Sure enough, for the next 4 hours I watched a few birds, (3 raptor species, song birds, egrets and others) and we waited. No drinking water, no food and nowhere to go. Around 4:30 pm my colleague said, “Am I dreaming or do I hear the sound of a tractor?” Sure enough, off in the distance we saw a tractor moving slowly along. As it came closer, we could pick out about 8 people riding on it.

As the tractor turned around and backed up to the truck, they pulled out an old 30 ft piece of 1 inch rope that was frayed, rotten and down to 2 strands in some places. (Another big red flag! No chain? That would be too easy.) Three guys grabbed it, measured out 3 equal lengths and wound it up into a big French braid, then twisted in a ¾ inch nylon rope. Well maybe. At the first pull, the French braid snapped like a wet noodle. Hmm, now we only have about 15 feet of bad rope left. Not to be discouraged, the driver backed up to the truck and they doubled the remaining rope and this time it held and between the tractor, the guys pushing and the truck’s own power, we got to terra firma. (It was 5 p.m.)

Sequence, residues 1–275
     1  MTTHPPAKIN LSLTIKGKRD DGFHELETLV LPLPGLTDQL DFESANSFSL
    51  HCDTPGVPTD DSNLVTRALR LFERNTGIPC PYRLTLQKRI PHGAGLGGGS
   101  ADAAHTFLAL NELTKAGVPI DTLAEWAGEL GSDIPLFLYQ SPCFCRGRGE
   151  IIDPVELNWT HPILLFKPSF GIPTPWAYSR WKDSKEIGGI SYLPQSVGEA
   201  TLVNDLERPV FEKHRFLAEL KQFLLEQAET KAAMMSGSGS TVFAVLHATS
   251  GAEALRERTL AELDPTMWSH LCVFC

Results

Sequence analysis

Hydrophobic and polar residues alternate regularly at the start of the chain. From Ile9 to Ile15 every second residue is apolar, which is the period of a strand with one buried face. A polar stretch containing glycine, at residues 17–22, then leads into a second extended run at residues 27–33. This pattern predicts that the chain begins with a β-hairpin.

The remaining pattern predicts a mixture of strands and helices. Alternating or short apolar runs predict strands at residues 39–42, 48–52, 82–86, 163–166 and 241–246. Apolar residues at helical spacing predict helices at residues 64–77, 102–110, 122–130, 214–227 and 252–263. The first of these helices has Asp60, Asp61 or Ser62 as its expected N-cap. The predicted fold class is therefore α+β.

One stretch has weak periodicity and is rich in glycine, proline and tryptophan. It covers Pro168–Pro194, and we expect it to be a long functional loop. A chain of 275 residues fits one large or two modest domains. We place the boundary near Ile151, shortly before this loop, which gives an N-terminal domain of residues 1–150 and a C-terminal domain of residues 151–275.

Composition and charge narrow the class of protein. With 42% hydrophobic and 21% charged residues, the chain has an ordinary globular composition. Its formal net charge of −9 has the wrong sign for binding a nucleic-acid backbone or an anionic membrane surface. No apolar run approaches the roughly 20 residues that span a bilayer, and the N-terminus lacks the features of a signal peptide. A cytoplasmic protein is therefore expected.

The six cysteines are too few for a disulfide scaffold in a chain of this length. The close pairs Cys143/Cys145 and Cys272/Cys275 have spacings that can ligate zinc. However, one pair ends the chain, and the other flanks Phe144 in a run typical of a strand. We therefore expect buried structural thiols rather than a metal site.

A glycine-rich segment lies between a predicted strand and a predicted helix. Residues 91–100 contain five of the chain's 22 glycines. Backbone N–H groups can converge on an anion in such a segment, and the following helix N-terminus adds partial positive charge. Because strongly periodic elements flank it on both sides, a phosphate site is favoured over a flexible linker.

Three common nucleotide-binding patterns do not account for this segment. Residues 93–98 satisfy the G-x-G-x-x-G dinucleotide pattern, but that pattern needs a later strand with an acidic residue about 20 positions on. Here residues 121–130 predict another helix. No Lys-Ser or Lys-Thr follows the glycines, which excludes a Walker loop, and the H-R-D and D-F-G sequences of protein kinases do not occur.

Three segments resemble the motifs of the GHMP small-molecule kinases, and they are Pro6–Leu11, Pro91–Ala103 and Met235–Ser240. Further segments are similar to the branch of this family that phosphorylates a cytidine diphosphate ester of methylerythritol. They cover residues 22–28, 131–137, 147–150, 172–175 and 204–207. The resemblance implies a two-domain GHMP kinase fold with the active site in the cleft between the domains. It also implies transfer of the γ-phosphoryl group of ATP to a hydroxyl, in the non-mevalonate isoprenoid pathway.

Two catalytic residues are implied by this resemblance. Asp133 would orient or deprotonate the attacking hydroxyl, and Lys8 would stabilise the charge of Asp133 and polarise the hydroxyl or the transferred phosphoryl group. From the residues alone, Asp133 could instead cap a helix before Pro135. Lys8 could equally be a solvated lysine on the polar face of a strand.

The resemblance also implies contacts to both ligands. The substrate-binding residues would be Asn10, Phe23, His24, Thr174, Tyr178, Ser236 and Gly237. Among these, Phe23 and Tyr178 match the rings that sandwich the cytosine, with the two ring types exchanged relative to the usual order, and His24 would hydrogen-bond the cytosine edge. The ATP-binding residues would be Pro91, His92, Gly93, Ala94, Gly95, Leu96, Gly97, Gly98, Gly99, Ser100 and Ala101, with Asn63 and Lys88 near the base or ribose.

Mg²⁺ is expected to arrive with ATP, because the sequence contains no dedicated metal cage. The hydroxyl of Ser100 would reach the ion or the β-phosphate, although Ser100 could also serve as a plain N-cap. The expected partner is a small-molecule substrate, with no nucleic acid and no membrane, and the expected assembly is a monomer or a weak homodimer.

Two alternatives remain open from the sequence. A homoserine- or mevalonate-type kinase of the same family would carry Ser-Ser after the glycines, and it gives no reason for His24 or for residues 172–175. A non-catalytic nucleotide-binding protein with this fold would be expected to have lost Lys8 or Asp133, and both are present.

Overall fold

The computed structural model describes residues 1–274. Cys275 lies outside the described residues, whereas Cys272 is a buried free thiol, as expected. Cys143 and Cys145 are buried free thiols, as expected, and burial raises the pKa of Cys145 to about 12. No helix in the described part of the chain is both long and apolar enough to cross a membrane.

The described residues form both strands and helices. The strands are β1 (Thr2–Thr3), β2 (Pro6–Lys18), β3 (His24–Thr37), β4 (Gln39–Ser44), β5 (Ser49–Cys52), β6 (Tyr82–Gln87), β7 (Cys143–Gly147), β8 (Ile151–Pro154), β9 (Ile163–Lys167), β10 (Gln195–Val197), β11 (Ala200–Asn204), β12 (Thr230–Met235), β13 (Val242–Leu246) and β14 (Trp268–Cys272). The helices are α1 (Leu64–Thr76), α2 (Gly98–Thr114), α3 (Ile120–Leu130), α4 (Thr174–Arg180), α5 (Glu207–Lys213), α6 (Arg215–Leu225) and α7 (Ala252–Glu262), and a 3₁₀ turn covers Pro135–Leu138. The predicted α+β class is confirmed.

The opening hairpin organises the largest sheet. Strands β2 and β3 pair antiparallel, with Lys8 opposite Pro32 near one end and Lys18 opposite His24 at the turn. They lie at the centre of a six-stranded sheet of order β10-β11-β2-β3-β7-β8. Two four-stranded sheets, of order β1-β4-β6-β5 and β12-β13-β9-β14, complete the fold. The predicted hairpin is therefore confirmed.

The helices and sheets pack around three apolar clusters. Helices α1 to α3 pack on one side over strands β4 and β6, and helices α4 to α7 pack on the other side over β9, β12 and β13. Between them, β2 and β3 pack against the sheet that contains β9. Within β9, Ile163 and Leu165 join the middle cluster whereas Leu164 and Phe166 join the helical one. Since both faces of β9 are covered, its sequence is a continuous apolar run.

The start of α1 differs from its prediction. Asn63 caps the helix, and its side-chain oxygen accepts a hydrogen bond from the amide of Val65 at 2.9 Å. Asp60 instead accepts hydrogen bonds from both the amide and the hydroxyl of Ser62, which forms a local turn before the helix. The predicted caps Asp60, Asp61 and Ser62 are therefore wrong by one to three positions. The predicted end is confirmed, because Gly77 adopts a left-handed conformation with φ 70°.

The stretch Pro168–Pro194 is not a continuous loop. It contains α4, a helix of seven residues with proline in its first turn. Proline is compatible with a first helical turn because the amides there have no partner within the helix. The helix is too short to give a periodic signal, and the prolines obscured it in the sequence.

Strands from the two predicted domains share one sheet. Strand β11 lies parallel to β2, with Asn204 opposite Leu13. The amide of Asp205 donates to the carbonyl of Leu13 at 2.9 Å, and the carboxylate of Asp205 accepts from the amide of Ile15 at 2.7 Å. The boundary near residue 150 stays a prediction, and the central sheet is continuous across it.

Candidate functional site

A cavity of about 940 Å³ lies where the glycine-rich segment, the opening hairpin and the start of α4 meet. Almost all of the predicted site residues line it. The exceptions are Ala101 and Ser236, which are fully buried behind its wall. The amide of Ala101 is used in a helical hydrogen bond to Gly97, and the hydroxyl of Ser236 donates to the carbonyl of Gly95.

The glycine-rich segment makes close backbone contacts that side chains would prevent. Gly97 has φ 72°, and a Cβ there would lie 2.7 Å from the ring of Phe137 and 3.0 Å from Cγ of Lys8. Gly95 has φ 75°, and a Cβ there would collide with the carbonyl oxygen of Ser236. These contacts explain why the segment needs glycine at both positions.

Now to get back through the plain and onto high ground. This time I stayed on the track, no matter how deep the water. By 6 we were on tar roads and in the office by 6:30 p.m. From a productive perspective it was a lost day. My take was: I understood the challenges of working in the river flood plain environment a bit better, could sympathize with the challenges of distance and terrain, plus had a few new ideas on how to improve the productivity of the rice and a slight sunburn.